January 31, 2020
Dance and other movement-based mediums are often pigeonholed as too highbrow or too limited in scope making the entire form seem unavailable to large swaths of everyday people, especially those outside the insular world of dance. These restrictive boundaries are primarily what ladyfestCLT co-curators and co-directors, Sarah Ingel and Megan Payne, aim to shatter as they prepare for its 6th installment, happening Saturday, February 8 at Goodyear Arts at 7 p.m.
People often say to Ingel, “I don’t get dance” and she’ll respond encouragingly, paralleling dance to other ways our bodies react. “You know what it’s like to feel sick, to be angry or scared. You can notice stress or tension; you read body language every day to gauge a general sense of how people are feeling in their bodies. With dance, all of these things are being shown on a stage, in different ways than we’re used to– it’s just a matter of learning to read it.”
This is what Ingel and Payne strive to present with ladyfestCLT, the annual dance and performance festival centered around femme-makers. “The case for dance isn’t always readily apparent because you’re not buying something tangible when you support performance work, but the hope is that you have a fulfilling experience and walk away with a unique perspective,” Ingel said.
LadyfestCLT 2020 features local performers Audrey Baran of Baran Dance, musician JM Askew, Julia Shockley and Hanna Blackwell, Tamara Williams & Moving Spirits, Inc, Sarah Council Dance Projects, filmmaker Nani Lee, performance artist Dennissa Young, Lauren Bickerstaff, and Megan Payne. Regional performers include Richmond, Virginia’s Luisa Innisfree; Orlando, FL’s Nikki Pena; returning ladyfest performer from Columbus, OH, Joey Bee; New York filmmaker Ayanna Adams; Chilmark, MA’s Jesse Keller Jason; and UNCSA alumnae Laura Gutierrez and Bekah Downing.
This year Payne and Ingel promised to bring even more daring works to ladyfestCLT, like a boundary-pushing piece by JM Askew and works from returning artists like Audrey Baran, who has shown a creatively strong evolution over the years. The curators are delighted to present ladyfestCLT at Goodyear Arts where they’ve been given the freedom to take more risks and add new types of work aided by Goodyear Art’’s space and support. A wide range of styles are represented this year, including performance art, choreography, and dance-focused films (also called movement films) shown in stations for intimate viewings.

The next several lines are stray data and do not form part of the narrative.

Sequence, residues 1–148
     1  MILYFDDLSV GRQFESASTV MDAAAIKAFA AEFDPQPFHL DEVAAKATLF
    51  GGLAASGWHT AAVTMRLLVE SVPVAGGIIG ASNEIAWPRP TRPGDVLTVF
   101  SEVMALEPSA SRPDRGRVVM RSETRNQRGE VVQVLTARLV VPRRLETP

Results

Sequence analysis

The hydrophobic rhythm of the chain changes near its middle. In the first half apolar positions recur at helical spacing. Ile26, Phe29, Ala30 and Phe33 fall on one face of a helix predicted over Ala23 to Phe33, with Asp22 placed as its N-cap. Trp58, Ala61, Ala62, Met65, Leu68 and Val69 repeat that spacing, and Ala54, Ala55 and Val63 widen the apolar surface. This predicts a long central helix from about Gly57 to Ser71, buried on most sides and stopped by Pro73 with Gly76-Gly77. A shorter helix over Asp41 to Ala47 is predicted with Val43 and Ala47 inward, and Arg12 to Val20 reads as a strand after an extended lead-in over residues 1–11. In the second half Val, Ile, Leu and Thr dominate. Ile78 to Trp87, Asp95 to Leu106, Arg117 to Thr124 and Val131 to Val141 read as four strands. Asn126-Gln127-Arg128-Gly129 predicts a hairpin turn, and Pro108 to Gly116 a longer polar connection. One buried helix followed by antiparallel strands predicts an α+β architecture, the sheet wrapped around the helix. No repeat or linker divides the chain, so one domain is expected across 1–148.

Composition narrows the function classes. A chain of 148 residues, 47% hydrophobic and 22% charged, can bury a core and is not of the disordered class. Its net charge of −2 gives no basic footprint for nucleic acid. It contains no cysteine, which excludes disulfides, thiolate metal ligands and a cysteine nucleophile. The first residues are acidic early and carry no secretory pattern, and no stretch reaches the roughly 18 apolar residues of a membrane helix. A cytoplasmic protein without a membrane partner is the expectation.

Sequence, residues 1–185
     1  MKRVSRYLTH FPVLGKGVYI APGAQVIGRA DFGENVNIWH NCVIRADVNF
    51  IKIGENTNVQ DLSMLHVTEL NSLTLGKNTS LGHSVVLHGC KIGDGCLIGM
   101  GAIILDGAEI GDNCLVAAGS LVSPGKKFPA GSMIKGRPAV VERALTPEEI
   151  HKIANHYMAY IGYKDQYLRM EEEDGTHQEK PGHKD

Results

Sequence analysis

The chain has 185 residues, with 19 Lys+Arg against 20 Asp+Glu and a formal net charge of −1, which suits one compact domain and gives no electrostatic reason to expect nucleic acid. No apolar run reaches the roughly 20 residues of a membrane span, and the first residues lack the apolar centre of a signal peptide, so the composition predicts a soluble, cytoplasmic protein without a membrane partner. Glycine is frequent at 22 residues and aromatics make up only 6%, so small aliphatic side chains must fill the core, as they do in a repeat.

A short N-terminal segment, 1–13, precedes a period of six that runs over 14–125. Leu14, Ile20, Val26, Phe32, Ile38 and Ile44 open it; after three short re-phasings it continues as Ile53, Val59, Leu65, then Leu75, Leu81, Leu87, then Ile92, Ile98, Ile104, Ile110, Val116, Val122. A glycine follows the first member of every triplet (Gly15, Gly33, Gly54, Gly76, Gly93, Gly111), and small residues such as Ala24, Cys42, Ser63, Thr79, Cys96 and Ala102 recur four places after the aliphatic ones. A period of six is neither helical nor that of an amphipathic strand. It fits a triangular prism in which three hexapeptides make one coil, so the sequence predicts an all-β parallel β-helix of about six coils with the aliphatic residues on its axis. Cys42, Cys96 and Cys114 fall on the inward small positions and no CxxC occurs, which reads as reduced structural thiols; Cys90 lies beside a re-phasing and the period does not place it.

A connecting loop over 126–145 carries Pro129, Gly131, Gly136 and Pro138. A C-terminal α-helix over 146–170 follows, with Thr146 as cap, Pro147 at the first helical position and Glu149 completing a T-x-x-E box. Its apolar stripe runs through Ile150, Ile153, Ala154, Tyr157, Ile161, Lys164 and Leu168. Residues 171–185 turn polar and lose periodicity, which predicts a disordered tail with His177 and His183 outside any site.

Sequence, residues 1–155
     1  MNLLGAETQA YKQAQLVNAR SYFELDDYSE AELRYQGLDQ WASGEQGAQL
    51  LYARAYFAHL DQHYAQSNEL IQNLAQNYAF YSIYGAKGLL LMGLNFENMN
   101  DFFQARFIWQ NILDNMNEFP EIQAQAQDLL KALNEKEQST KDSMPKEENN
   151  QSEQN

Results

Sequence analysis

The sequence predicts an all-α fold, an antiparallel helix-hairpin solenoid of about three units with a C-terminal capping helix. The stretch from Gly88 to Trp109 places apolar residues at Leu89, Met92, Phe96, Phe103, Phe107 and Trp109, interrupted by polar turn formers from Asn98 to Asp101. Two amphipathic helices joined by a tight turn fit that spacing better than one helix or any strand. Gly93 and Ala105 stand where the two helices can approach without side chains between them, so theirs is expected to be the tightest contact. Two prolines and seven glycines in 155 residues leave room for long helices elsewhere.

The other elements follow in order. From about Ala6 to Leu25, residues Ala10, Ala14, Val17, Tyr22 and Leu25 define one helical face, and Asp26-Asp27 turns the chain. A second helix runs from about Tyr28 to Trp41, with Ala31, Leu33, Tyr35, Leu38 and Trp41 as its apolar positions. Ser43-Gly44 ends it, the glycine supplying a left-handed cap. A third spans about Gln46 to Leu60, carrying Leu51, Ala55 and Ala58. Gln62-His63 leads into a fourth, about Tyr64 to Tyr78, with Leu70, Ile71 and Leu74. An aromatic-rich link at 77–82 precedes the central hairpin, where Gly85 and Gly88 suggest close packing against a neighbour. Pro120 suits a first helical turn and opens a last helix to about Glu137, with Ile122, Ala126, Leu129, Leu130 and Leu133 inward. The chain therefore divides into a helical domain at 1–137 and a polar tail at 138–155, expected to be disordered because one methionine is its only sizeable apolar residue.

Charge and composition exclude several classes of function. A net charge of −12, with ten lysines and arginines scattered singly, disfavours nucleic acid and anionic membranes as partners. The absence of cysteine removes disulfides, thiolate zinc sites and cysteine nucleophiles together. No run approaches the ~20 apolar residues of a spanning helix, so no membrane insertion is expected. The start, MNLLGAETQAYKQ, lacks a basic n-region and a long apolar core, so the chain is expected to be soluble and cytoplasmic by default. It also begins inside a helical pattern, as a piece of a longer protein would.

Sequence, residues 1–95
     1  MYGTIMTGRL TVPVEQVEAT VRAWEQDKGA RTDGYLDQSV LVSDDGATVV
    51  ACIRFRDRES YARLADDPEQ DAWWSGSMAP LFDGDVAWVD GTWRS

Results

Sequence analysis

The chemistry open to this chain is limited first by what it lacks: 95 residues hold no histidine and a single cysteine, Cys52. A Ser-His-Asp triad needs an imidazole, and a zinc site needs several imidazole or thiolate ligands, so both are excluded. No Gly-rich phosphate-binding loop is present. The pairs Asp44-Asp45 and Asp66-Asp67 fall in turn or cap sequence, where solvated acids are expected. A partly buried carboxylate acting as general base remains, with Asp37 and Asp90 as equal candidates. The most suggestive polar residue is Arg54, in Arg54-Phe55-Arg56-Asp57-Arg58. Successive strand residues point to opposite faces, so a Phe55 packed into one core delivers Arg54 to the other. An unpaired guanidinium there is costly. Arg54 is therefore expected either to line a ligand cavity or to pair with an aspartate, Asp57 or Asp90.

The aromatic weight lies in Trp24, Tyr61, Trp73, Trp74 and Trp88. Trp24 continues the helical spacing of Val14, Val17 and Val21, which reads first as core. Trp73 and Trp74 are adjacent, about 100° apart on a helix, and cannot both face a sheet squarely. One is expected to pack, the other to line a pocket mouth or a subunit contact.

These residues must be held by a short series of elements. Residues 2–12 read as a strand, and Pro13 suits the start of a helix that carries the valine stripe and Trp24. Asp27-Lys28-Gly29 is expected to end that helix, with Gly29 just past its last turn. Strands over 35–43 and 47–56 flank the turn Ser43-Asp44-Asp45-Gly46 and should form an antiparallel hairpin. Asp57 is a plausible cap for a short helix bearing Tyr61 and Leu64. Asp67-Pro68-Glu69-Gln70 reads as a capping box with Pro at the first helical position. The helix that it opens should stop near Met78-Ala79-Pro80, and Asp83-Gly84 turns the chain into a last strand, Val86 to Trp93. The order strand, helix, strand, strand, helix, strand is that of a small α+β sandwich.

However, some of the pieces this year feature mature content that some may deem upsetting, but that’s not lost on Ingel and Payne. “We’re aware as curators; we feel it is important and want to make space for these pieces and provide an open avenue for femme-makers to express their feelings and views on more difficult issues and experiences, but we also recognize the audience has their own experiences so they may find some content triggering (sexual assault, suicide, etc),” Ingel said. “We aren’t going to censor the artists but we do ask that the audience members are responsible for their own experience throughout the night so the Goodyear studios will stay open and audience members are welcome to take a walk through them if they’re too affected by the performances.”
When Ingel and co-creator Caitlyn Swett (of Triptych Collective) originally started ladyfestCLT in 2015, they were fueled by the large amounts of discrepancies in the dance world concerning who’s doing the work and putting in the labor (primarily women) versus who was receiving grants, and getting commissions and curatorial positions (primarily men). “There’s still a lot of #metoo stuff happening in the dance world that just slides by because the dance community is so secular that people aren’t aware of it in the more mainstream ways like they’re aware of movies or music. We’re still putting the same types of predatory people in charge and it’s not okay,” Ingel said.
Ladyfest brings a feminist perspective to an art form that deals so intrinsically with the body, opening up the medium to different types of bodies to be seen and different viewpoints to be shared. It also acts as to further strengthen the Charlotte arts community by bringing artists together and sparking dialogue between the audience and performers.
“Overall, the art form is still stuck in these ideas of what types of bodies should be seen on stage, what color those bodies should be, which techniques and styles should be held up over others, etc.,” Ingel said. “Megan and I have hopes that dance can be something healing and community-building while examining difficult emotions and experiences that the dance world limits itself from exploring because of these strictly held tropes and limitations.”
Another featured artist, WAMA member Dennissa Young, has been working with the idea of “radical softness” and how we’re scared to allow ourselves to be vulnerable. Her site-specific installation is exemplary of how a femme perspective allows people to address more difficult topics by making space for softnesses like grace, patience, and compassion.
These themes resonate throughout the performance and tie in to the evening’s fundraising for Planned Parenthood. Five dollars of the $15 ticket price will be donated to Planned Parenthood, while the rest will be distributed to the artists. The nonprofit speaks to a cause that means a lot to both Ingel and Payne, particularly with 2020 being an election year. “This is an organization doing a lot of good for females and femme-identifying folks at low cost to those who need it most. It is a very personal thing for both Megan and myself, as well as the community at-large to have the option to not worry about yourself or a loved one’s health.”